What one must not do, he says, is to ignore or twist scientific evidence to fit an existing philosophical prejudice about the nature of God - or argue for a ëgod' to fill holes in present knowledge.
Similar approaches are taken by Arthur Peacocke (winner of Le Conte Du Nouy Prize) and John Polkinghorne (former Professor of Mathematical Physics at Cambridge University, and a Fellow of The Royal Society), who are respectively seen as liberal and conservative theological thinkers with established scientific pedigrees.
They talk of God not as a deus ex machina who assembled the parts of the universe supernaturally according to a preconceived design, but as transcendent love generating the world in such a way that it generates itself.
To this Anglican view, and in a more guarded way to the position adopted some years ago by the Roman Catholic Church, the accepted theory of evolution is not a threat to theological understanding but a way of enriching it.
A positive evolutionary view is also taken by Anabaptist scholars like Nancey Murphy (ëReconciling Theology and Science: A Radical Reformation Perspective'), and Calvinists such as Howard van Till.
Indeed, while the religious right has embraced ID as the last bastion of creationism, a number of mainstream US evangelicals, who were initially excited about it, now say they find its arguments unconvincing, having been persuaded by scientists at their own institutions and elsewhere.
Adds Jonathan Neal of Purdue University, Indiana, in a recent article: 'The ID movement has tried to frame this debate as Religion versus Science. It is not. The ID debate is between an ID theology that is anti-science and competing theologies that are capable of incorporating scientific knowledge into their theological framework.'
Asks Dr Neal: 'Do we really want to introduce a controversial, anti-science religious [ideology] into our public schools disguised as ëscience?''
The ruling from Pennsylvania, which seeks to maintain the required separation of church and state, gives a resounding ëno' to that question.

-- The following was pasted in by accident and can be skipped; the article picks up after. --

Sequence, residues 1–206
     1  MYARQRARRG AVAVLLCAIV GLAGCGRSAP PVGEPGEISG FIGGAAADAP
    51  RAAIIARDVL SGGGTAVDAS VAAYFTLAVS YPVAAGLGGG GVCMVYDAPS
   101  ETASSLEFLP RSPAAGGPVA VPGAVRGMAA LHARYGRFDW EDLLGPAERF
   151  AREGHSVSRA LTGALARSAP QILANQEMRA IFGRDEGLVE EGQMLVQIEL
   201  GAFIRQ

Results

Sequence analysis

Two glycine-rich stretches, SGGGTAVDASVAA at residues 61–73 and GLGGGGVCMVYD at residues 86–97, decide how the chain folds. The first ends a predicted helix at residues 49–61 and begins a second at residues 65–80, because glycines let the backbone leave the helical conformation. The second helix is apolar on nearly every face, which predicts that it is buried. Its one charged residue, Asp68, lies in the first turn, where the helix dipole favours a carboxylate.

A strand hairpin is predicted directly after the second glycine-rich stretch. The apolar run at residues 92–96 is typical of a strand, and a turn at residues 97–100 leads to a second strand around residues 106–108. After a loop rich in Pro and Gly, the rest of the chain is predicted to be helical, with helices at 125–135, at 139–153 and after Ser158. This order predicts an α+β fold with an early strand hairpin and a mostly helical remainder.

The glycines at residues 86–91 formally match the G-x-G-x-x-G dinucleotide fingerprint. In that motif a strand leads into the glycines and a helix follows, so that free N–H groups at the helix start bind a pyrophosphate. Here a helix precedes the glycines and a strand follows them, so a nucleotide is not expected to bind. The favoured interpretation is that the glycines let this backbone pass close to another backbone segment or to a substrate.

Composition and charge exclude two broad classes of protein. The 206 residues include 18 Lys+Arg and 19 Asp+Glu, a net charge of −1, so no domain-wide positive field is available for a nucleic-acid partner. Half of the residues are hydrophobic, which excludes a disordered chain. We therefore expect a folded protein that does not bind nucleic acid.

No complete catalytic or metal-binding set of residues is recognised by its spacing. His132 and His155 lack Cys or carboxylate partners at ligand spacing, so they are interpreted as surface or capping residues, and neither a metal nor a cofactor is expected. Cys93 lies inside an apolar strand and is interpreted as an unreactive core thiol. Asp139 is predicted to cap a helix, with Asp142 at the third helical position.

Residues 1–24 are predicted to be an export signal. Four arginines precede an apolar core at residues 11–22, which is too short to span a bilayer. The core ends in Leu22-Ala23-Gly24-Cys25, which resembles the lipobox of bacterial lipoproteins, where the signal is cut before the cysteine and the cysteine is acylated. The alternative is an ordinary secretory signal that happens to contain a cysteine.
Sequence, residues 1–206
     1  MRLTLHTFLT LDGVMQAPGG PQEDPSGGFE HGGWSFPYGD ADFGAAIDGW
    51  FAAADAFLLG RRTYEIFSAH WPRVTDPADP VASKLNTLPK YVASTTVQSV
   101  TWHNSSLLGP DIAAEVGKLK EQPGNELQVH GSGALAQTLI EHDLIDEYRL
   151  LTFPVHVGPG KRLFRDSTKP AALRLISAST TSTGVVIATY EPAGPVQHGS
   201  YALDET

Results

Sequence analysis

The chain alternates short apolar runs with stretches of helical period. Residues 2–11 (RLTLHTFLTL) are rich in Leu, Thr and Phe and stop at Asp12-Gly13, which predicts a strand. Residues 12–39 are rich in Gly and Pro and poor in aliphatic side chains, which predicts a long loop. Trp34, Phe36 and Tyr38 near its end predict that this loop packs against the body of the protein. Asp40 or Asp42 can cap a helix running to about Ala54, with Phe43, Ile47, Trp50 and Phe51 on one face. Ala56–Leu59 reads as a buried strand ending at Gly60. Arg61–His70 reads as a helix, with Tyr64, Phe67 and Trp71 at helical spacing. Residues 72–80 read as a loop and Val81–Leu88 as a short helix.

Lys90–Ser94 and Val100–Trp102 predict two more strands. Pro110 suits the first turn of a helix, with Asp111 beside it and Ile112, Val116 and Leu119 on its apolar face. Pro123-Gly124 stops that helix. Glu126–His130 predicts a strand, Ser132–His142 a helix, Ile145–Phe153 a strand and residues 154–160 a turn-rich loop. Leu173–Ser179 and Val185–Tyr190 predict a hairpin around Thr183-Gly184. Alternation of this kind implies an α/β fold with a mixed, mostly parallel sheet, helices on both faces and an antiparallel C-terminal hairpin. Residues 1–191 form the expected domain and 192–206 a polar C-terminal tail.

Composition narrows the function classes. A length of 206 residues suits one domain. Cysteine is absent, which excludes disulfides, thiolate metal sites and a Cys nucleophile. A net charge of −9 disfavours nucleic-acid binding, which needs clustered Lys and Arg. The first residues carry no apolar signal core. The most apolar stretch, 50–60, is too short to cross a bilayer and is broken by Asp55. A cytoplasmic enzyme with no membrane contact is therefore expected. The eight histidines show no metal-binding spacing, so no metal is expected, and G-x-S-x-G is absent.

But the argument will not go away. In Kansas last month, the board of education voted that students should be taught about alternatives to evolution.
While a Dover appeal was deemed ëunlikely' yesterday, other challenges are probable from the ënew creationists', who have much economic and political muscle.
However anti-IDers are cheered that the substantial attention to scientific issues in the Dover case makes it very difficult for them to claim intellectual credibility.
Simon Barrow, co-director of the UK religious think-tank Ekklesia, says he is also pleased by the verdict.
'Intelligent Design is basically a variant of creationism in pseudo-scientific clothing,' he comments. 'As such it is an embarrassment to thoughtful Christianity and a threat to good theology as well as scientific integrity.'
Barrow says that the creationist and ID movements have grown in strength in the UK in recent years, and may seek to use the government's new education bill - which encourages private bodies to run state schools - as a way of gaining a further educational foothold.
Back in 2002 Anglican bishops and major scientists wrote to PM Tony Blair to raise concerns about science teaching at Emmanuel City Technology College in Gateshead, run by a conservative Christian group.
Similarly, the Grace Academy, due to open in Solihull this year, with another to come in Coventry, says it will teach creationism, according to press reports.
'It is extremely important, in the interests of truth, to ensure that we do not go down this route in Britain', says Barrow. 'Creationism and ID should no more be taught in science classrooms than astrology and numerology.'
[Also on Ekklesia: US religious right plans a home-school revolution ; New Christian academy rejects creationism as 'rubbish' ; Creationist school opens ; Faith, science and understanding ]